Observed as ‘National Resilience Day’ in Pakistan, October 8 this year commemorates the 17th anniversary of the national tragedy which inspired it—the 2005 Kashmir Earthquake, widely regarded as the deadliest earthquake in South Asia, which left over 87,000 people dead, a comparable number injured, and millions displaced. The tremors began at 08:50 Pakistan Standard Time in Pakistan-administered Azad Jammu and Kashmir (AJK), with the epicenter about 19 km northeast of its capital Muzaffarabad. However, its impact was also experienced in nearby Balakot in Khyber Pakhtunkhwa, as well as some areas of Indian-occupied Kashmir. The event registered maximum Mercalli intensity of XI (Extreme), and its magnitude was measured as a minimum of 7.6 on the moment magnitude scale by the United States Geological Survey (USGS).
What had begun as tranquil as any other morning, the day is now etched in memory by somber reflections of the sheer scale of death and destruction, illustrated by widespread collapses of residential and other buildings, including 17,000 schools which accounted largely for the demise of 19,000 children among other casualties. The heart-wrenching imagery also captures the chaos, despair, and relief and rescue operations that were initially impeded by damaged land routes and telecommunication lines.
The expanse of the catastrophe may be unparalleled in the annals of Pakistan’s HISTORY, however, it is an opportune reminder that the tale of earthquakes in Pakistan neither begins nor ends with the incident.
On Shaky Ground
A previous significant earthquake shocked the nation and had become the stuff of legends until the tragic dawning of October 8, 2005. The 1935 Quetta earthquake, which struck in the wee hours of May 31 and was recorded to last for around three minutes, was assessed to have a magnitude of 7.7. Its epicenter was located 4 kilometers southwest of the Balochistan town of Ali Jaan. With tremors felt as distant as Agra, India, it destroyed much of Quetta and towns in the vicinity. Approximately 35,000 people perished during the calamity. However, history stands witness that the area had already experienced two significant earthquakes just four years prior. One of these was the earthquake that occurred on August 24, 1931, close to Sharigh, which was followed by another one on August 27, 1931, 9.5 km south of Mach. Regardless of these disastrous episodes, the nation has since then been plagued by innumerable minor and sporadic massive earthquakes.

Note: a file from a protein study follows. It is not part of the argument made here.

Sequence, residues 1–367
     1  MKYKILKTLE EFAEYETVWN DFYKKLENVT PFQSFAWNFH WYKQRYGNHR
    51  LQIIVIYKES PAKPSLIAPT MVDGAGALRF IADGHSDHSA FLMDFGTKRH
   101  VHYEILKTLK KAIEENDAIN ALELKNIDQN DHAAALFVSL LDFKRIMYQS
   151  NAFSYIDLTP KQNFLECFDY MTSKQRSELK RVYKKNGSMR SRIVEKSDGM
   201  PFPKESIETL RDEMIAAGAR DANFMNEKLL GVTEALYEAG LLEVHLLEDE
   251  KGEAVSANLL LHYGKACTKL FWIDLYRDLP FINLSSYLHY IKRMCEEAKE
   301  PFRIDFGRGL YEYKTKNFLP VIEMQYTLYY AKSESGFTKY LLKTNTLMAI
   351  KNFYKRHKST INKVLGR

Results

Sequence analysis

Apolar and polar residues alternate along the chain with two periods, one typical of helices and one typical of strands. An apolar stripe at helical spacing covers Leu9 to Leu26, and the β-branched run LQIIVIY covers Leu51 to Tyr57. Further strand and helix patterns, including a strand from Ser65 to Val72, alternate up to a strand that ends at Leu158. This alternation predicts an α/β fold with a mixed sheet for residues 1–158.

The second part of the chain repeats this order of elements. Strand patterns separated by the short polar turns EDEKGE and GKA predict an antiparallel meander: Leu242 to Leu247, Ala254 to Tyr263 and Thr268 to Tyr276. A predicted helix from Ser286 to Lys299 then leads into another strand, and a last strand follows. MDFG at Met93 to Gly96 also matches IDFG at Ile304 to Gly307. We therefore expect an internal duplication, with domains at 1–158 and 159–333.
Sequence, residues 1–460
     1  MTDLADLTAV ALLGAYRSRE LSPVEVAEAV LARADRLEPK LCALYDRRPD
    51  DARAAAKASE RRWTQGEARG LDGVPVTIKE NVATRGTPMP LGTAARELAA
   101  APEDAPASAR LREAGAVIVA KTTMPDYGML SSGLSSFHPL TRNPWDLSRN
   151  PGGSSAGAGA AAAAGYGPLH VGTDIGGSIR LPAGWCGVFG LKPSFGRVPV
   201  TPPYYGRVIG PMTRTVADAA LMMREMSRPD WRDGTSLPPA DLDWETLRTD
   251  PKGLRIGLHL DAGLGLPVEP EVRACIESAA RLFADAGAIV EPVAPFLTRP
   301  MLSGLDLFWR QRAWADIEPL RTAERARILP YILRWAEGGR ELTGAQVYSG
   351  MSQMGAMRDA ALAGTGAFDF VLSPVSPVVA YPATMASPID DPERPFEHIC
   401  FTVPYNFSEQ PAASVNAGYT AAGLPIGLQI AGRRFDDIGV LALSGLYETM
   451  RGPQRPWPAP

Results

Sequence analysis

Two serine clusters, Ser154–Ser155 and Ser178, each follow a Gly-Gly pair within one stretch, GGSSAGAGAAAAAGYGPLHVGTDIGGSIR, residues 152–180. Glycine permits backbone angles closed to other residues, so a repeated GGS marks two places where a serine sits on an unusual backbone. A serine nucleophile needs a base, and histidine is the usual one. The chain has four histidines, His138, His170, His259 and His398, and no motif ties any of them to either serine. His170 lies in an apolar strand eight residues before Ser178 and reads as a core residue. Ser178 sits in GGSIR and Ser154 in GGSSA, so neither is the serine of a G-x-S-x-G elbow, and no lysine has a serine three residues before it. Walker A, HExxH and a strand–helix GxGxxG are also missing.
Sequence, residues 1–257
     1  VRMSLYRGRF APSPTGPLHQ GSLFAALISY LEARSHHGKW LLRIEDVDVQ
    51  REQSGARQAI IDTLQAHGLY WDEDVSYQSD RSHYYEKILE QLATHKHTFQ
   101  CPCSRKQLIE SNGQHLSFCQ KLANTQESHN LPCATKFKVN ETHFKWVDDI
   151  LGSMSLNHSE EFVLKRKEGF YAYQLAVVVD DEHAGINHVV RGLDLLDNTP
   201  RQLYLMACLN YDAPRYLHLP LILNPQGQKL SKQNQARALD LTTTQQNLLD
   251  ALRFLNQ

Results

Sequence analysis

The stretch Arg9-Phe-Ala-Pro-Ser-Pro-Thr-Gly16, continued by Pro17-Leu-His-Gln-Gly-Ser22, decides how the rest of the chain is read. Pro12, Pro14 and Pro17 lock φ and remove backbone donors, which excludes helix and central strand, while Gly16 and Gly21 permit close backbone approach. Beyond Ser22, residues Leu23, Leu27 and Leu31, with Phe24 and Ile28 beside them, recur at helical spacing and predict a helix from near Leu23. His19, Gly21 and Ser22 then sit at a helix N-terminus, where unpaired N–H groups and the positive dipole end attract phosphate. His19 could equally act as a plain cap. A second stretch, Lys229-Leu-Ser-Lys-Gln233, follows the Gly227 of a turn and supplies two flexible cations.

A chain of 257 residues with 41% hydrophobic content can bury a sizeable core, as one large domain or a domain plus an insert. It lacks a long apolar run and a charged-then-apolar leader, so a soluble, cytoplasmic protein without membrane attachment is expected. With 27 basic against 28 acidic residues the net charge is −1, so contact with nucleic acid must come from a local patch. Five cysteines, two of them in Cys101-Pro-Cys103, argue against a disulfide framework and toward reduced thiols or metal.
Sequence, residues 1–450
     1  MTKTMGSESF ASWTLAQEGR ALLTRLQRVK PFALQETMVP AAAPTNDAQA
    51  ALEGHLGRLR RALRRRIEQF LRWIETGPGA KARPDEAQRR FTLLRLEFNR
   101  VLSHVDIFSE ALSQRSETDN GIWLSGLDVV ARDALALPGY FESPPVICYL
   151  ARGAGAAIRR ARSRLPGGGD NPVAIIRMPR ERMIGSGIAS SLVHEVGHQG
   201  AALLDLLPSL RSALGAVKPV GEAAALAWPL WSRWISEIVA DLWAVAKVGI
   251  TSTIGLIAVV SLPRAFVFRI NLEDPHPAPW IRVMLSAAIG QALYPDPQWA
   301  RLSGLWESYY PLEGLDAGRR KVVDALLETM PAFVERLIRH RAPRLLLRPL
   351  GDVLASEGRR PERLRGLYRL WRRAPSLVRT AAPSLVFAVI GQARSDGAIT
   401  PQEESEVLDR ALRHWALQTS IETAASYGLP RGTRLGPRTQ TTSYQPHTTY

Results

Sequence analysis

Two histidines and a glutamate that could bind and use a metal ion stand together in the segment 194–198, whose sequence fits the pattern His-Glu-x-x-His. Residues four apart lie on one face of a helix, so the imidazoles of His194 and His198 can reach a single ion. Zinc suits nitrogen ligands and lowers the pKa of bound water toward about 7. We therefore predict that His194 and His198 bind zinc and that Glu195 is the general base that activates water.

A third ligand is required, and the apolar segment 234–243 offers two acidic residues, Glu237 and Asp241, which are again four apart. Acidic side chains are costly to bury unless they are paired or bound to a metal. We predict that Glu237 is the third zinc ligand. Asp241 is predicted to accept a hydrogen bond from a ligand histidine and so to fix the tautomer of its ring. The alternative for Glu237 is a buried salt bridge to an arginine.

Paradoxically, Pakistan owes much of this peril to perhaps what dominantly accounts for its magnificent landscape—its geology.
Geography: Blessing or a Curse?
Geographically, Pakistan lies in a region that has a high density of active faults and is one of the most SEISMICALLY active zones of Asia.
Pakistan is located at the intersection of three tectonic plates: the Indian, Eurasian, and Arabian Sea plates. The Indian plate, which collides with the Eurasian plate, causes the uplift that has produced the highest mountain peaks in the world, including the Himalayan, the Karakoram, the Pamir, and the Hindu Kush Ranges. Meanwhile, the coastal areas of Pakistan stretching from the provinces of Sindh to Balochistan incorporate active tectonic features. Menacingly put into perspective, the entire Makran coast can be classified as a seismically active zone. Also, meriting mention is the ‘Chaman fault’ system which is a significant fracture zone that starts near Kalat in the Northern Makran range, passes close to Quetta, and eventually extends north-northeast along Pakistan’s border with Afghanistan to Kabul, where it joins the Herat fault and eventually the Hindu Kush and Pamir ranges.
Risk Assessment and Mitigation
Thus, the question of how has, or rather, how should Pakistan prepare for the difficulties presented by the high seismic hazard in its area is also pertinent.
In the immediate aftermath of the 2005 Kashmir Earthquake, preliminary damage surveys were conducted to ascertain the extent of damages which later served as the foundation for a more elaborate Damage and Needs Assessment (DNA). This in turn contributed to a broad policy framework for recovery planning, which postulated rapid rebuilding of people’s livelihoods; independence and self-sufficiency; decentralization; emphasis on the most vulnerable social groups; ensuring development gains and poverty reduction; restoring capacities to manage recovery; transparency and accountability; averting new disaster risks; encouraging the engagement of private sector and civil society; and coordinated and coherent approaches to recovery.
In essence, ‘resilience’ not only encompasses the capacity for an adequate response to such disasters but mitigating their scale by certain practical measures. These may involve: 1) structural modifications to enhance the resistance quality of infrastructure in areas of high seismic activity; 2) augmenting capacities for emergency transmissions, data management, and response. Furthermore, all constructions, not just priority public buildings, can be made more resilient by satisfactory enforcement of building protocols and land-use legislation.
If any lessons can be drawn from Pakistan’s experience with earthquakes, they pertain to assessing risk hazards thoroughly and preparing sufficiently, so as to shield as many lives as possible from imminent, inescapable danger.